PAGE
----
If the new film “Revenge of the Electric Car” is to be believed, electric vehicles have finally established a permanent toehold — not to be discarded by the major manufacturers as they have been in the past. Today, it appears as though independent companies like Tesla Motors, Coda Automotive and Fisker have successfully catalyzed the Goliath auto industry to purse a greener transportation system. Look no further than the Nissan Leaf and Chevy Volt.
But that doesn’t mean that consumers have fully embraced the revolution. Many are still skeptical. And this skepticism usually falls into three categories: range, recharging and price. A lot of myths about electric cars have been busted — they don’t electrocute drivers when it rains, and they don’t explode in the desert heat. But range, recharging time and the high price point have been a little harder for the burgeoning EV industry to debunk.
That said, the high price doesn’t seem to have rattled as many early adopters as analysts have anticipated. Early buyers of cars like the Chevy Volt and the $109,000 Tesla Roadster seem to be fine shelling out for their EVs. These companies do a good job of making their customers feel like early investors in the biggest transition in transportation since the Model-T. People like to see themselves as part of this exciting solution.
But other green technologies aren’t seeing the same level of uptake. Indeed, electric cars seem to be the exception in the green sector. For example, Tesla Motors was able to IPO last year for a whopping $226 million, but every other greentech public sale before and after was lackluster to say the least. Even when it comes to the media, EV headlines drive traffic in droves, while solar, goethermal and wind energy stories attract a less robust audience. A lot of the industry’s success has to do with its sex appeal and the U.S.’s incumbent car culture that already represents billions and billions of dollars.
Other green companies, especially those with high manufacturing and capital costs — solar panel makers, wind turbine installers, biofuel brewers — have similarly high startup costs but far fewer investors and customers willing to pay up. For this reason, a lot of the startups focused on these technologies are finding it extremely difficult — in some cases impossible — to develop more advanced technology, make a major impact on the market, or scale up fast enough.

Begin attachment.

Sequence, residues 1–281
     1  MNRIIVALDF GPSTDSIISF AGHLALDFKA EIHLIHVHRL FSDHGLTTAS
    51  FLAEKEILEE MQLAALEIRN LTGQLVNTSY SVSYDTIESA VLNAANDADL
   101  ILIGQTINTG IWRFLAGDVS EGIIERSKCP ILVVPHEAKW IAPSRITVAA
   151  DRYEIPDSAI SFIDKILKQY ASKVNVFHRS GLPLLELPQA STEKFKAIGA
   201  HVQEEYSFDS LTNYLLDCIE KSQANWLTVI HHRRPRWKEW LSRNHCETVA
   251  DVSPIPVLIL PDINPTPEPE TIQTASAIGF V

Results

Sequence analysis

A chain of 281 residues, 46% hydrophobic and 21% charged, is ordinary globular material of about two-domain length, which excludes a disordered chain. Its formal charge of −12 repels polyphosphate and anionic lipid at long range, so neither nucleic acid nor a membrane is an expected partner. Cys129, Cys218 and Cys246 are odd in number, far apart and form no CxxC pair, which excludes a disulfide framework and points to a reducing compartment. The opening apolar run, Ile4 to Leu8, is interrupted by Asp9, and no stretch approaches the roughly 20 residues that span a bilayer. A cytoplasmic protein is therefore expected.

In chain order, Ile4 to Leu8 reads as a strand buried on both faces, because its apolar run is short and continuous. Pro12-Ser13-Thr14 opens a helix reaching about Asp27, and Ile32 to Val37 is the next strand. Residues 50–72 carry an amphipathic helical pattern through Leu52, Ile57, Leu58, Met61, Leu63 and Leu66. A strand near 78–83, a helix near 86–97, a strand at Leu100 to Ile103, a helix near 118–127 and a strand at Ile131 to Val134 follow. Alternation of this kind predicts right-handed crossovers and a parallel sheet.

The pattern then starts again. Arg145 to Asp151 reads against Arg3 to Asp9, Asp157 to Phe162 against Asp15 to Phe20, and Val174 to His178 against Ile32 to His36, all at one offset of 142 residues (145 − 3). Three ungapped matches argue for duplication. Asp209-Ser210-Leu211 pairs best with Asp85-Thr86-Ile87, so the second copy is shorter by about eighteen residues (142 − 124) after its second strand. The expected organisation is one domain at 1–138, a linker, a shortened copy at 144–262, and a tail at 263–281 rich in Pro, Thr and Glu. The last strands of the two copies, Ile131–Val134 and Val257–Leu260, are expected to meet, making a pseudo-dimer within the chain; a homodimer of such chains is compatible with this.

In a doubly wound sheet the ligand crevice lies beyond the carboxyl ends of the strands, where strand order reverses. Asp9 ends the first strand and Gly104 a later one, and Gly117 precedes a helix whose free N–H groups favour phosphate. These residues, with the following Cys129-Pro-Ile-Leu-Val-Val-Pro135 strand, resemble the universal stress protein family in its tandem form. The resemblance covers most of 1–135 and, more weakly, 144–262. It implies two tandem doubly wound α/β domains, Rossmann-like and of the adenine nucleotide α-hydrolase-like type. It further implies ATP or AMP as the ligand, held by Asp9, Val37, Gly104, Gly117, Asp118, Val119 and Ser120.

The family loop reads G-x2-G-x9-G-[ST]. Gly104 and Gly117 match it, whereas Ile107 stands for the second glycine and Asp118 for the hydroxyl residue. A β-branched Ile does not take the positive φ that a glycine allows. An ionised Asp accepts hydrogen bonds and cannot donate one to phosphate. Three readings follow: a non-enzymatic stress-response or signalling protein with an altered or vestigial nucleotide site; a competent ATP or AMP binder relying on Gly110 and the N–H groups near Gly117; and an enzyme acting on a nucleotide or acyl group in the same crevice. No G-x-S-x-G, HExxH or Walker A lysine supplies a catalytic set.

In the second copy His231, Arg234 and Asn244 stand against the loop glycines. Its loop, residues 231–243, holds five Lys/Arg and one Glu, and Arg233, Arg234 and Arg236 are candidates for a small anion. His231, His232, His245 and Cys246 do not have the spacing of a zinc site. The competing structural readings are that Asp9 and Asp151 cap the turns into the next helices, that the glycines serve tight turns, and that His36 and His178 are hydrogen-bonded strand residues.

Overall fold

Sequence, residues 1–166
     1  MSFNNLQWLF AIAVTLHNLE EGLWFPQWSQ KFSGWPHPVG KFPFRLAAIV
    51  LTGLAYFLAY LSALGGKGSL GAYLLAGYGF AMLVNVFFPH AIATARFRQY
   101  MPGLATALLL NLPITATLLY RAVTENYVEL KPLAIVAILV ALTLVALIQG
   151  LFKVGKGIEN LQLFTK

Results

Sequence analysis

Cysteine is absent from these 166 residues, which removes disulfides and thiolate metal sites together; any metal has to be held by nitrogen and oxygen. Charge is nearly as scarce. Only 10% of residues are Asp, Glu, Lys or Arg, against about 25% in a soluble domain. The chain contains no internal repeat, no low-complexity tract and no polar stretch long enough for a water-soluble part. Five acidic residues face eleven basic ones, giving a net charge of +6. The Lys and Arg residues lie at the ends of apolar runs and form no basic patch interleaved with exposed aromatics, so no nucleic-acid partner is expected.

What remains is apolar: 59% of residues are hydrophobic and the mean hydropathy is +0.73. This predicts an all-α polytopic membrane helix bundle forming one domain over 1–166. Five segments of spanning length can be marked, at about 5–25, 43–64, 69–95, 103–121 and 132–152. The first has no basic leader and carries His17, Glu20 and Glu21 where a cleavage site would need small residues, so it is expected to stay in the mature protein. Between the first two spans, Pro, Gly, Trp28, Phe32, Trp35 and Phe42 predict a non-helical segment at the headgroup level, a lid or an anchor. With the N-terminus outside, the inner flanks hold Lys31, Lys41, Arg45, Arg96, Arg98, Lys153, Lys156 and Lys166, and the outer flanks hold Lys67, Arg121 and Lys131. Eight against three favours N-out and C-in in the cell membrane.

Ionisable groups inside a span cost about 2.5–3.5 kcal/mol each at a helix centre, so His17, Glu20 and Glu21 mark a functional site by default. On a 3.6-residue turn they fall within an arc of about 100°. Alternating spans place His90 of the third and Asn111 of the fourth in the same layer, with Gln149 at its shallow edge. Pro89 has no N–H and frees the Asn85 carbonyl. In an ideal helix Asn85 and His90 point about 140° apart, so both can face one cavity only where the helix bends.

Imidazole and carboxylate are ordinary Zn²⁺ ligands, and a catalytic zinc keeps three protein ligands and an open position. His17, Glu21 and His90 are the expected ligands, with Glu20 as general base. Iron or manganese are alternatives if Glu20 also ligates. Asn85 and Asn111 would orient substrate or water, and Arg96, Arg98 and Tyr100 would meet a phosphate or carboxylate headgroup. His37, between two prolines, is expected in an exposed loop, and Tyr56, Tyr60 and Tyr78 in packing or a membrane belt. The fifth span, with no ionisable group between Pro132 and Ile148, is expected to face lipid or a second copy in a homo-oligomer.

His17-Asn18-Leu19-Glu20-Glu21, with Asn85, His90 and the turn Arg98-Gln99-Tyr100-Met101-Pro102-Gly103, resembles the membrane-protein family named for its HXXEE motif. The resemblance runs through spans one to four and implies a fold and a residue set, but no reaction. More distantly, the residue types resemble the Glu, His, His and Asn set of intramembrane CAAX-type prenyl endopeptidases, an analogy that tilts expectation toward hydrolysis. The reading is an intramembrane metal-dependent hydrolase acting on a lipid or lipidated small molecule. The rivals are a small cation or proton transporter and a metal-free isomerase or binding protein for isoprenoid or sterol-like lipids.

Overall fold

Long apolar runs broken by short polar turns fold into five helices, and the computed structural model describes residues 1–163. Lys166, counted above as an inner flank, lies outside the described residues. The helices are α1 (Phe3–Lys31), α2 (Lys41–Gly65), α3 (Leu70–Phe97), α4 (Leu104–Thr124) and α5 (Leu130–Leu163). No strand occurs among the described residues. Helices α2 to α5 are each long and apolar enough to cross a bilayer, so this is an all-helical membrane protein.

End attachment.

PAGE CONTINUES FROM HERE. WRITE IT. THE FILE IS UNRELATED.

Yes, there are the stray early adopters who enthusiastically plate their roofs with solar panels, investing tens of thousands of dollars in elaborate home solar systems. But they don’t do it as visibly, as often, or with as much gusto as early electric car owners. On top of that, solar is the only industry that even works in this analogy, because close to no one is installing their own wind turbines or geothermal wells. Because this initial adoption cycle is so anemic, other greentech companies are missing out on the infusion of cash from committed early investors that has kept the wheels turning for EV automakers.
When you survey the markets where different green technologies are likely to take root fastest, EVs clearly have the best shot from a cost perspective. People who are buying new cars have an established level of income — even if it’s lower middle class. People who could benefit from other technologies, especially wind and solar, don’t necessarily fall into this bracket.
In fact, the bulk of the population that would benefit the most from alternative energy systems live in the developing world where new, rapidly deployed sources of energy are increasingly necessary. The biggest markets for distributed solar panels could very well be villages in Africa and Asia that lack centralized power and other modes of generation. But these regions can’t bear the high price tags attached to brand-new technologies.
The upshot is that EVs will continue to lead public interest and spur investment in the public sector while other green consumer plays lag behind waiting for technology at a solar pace until it becomes more practical for the masses.